Korean War veteran reminds people to wave the flag this Veterans Day
Nov 3, 2023, 4:05 AM
(KTAR News Photo/Ben Brown)
This is the second of seven articles highlighting the grand marshals of the 2023 Phoenix Veterans Day Parade.
PHOENIX — Jerry Hecht graduated from the University of Pharmacy College in 1952 but felt a calling to serve, so he enlisted in the United States Navy.
He quickly rose through the ranks and found himself aboard the USS Duncan as the destroyer’s engineering officer from 1953 to 1956.
“We took a lot of pride in our ship,” Hecht said. “We had a nickname, the Galloping Ghosts of the Korean Coast.”
Hecht served during the height of the Korean War, operating off the coast of the Korean Peninsula.
“We got hit by a shell in Korea when we were firing over there,” Hecht explained. “We were detached at times to look for downed pilots whose planes went to the drink. And of course, most of the time in the following two years, it was a matter of cruising between China and mainland China and Taiwan.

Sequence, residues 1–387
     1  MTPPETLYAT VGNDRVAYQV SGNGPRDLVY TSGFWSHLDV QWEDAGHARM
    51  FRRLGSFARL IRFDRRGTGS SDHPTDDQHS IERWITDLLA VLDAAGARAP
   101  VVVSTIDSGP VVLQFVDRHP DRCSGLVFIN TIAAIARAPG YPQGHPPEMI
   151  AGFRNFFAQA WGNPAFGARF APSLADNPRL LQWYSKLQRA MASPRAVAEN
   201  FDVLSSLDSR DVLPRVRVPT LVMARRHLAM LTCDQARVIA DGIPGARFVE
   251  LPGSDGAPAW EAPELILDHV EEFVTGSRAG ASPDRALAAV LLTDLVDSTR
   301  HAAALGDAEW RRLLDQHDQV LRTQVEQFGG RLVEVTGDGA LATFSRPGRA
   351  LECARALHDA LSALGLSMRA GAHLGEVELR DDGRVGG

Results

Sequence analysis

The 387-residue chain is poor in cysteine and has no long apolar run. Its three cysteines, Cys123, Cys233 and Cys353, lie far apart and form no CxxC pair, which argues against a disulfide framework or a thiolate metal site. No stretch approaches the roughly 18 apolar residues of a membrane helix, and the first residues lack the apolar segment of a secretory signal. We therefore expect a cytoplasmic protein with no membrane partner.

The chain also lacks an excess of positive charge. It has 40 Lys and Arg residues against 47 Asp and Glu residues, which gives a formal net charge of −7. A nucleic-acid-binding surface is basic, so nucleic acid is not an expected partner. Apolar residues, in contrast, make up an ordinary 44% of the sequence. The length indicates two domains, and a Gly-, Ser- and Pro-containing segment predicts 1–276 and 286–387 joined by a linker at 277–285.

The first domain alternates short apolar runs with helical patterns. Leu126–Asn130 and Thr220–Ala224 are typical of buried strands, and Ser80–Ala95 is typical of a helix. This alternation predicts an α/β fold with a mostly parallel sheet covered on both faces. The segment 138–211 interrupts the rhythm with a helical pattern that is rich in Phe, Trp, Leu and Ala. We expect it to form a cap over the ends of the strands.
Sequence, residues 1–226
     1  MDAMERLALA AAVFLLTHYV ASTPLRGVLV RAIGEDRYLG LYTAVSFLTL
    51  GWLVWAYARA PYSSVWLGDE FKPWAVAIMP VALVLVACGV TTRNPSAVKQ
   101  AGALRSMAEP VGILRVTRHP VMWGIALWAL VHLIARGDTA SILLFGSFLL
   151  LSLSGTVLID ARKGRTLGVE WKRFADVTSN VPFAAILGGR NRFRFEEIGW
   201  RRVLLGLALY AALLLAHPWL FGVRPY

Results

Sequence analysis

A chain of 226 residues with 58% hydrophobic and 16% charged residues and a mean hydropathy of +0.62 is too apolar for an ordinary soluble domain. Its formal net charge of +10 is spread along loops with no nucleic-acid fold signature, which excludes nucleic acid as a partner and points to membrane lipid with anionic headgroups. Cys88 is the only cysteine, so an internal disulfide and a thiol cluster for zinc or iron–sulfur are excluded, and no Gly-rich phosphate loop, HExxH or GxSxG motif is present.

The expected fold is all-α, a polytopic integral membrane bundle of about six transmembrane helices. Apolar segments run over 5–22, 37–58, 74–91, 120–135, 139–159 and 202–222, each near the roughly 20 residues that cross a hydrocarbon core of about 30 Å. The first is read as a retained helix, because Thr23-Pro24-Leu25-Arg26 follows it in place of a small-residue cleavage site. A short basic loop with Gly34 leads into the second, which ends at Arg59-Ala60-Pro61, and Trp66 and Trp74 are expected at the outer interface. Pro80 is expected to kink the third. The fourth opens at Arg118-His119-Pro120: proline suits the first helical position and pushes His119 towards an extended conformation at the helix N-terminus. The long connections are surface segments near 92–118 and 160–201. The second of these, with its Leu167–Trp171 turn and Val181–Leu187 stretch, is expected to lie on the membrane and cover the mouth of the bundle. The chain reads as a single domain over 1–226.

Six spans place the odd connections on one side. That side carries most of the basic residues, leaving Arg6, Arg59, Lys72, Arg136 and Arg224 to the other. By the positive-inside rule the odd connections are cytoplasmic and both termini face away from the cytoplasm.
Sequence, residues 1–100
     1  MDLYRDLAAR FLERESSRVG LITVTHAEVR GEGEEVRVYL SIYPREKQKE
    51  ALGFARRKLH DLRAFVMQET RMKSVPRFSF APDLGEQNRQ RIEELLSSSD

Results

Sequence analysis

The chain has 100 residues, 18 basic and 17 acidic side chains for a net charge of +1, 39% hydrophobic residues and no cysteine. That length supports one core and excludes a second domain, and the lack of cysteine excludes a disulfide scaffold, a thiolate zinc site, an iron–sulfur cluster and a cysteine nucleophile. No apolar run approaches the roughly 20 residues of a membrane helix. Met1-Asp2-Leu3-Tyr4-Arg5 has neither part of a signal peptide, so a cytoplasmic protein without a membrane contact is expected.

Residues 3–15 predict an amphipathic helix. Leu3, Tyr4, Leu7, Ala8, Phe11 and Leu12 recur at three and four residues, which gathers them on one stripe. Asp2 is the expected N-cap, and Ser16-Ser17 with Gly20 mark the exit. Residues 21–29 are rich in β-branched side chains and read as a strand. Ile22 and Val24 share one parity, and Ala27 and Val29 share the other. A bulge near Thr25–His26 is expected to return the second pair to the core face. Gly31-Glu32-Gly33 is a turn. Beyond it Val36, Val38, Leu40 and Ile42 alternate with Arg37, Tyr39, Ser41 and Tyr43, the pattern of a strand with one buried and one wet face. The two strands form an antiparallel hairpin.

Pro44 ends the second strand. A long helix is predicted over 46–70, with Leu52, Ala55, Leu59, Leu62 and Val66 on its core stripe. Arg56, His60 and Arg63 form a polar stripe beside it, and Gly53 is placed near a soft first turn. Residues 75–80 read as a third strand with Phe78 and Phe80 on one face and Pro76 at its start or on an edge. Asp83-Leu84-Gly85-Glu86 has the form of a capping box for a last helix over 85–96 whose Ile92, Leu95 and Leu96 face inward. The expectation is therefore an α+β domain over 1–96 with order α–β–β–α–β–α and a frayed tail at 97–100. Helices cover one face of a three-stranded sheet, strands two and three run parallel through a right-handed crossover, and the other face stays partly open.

“That’s the only reason Taiwan is still there, because we took a defensive stand and said you’re not going to do it. Hopefully, they’ll maintain that stand today or the Chinese will be there.”
Hecht received numerous accolades for his service, including the National Defense Service Medal, the United Nations Service Medal, the Korean Service Medal with one star and the China Service Medal.
He said all the recognition goes to the men and women who made the ultimate sacrifice – Hecht hopes those still missing in action in North Korea can finally come home.
“I saw the other day they estimate 5,000 men and women who served our country are dead in North Korea,” Hecht said. “I don’t know how we’re going to get them out, but we have to get them out and bring them back to what I call Hallowed Grounds.”
Hecht said he was honored to be recognized as one of seven Grand Marshals for the annual Phoenix Veterans Day Parade, adding that “it calls attention to those who served.”
“Wave the flag, don’t let people in this country forget who they are and what we have done,” Hecht said. “We are in the same family, it’s the American family and it’s not a bad thing to be a patriot. It’s not a bad thing to serve in the military.”